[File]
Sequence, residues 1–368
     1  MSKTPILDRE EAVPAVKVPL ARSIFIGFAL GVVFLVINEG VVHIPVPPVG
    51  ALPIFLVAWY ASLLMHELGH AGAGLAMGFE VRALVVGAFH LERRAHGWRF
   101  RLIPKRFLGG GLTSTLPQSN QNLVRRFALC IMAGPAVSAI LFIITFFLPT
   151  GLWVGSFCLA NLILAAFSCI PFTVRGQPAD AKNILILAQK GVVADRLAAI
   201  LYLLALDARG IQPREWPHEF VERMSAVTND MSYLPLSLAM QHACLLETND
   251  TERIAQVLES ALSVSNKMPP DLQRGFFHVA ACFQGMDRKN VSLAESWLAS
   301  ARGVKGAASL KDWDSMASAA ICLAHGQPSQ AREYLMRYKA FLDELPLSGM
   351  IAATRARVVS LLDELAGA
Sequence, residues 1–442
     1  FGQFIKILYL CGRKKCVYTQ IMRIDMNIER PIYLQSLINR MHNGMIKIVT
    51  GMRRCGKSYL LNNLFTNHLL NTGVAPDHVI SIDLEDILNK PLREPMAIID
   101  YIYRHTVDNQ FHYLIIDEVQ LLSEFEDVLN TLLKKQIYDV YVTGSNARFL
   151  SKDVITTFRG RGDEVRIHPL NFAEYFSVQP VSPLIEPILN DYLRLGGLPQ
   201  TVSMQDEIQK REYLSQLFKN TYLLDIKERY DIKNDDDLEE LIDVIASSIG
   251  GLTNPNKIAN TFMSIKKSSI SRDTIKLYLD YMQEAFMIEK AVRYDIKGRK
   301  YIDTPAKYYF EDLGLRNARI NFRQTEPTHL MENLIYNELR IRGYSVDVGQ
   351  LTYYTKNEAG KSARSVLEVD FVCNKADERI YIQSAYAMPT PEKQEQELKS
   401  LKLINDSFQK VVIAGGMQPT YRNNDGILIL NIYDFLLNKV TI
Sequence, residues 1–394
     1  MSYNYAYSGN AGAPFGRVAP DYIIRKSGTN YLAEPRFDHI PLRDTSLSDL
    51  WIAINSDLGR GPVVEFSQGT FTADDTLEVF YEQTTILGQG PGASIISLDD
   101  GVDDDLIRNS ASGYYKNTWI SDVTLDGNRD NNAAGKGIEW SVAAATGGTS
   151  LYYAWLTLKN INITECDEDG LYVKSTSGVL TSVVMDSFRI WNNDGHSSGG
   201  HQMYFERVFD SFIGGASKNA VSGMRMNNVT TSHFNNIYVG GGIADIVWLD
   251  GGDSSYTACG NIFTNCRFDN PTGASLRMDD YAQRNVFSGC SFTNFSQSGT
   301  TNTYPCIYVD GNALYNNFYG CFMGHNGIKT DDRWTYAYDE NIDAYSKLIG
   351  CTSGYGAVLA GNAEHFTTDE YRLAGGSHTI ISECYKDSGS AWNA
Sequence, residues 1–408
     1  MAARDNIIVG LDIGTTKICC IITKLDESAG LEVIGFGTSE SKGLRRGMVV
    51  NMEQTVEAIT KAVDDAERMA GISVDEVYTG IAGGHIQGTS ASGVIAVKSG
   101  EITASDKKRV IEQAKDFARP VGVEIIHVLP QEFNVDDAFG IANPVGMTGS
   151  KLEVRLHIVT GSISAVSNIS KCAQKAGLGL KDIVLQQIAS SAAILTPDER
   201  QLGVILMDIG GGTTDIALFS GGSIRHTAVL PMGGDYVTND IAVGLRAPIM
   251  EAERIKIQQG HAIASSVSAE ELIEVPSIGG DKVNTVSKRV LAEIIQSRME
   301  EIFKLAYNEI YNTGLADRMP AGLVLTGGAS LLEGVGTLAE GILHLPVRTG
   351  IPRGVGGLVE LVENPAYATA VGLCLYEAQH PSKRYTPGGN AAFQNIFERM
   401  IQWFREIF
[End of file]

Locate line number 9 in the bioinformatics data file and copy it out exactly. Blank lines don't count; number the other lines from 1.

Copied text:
   351  IAATRARVVS LLDELAGA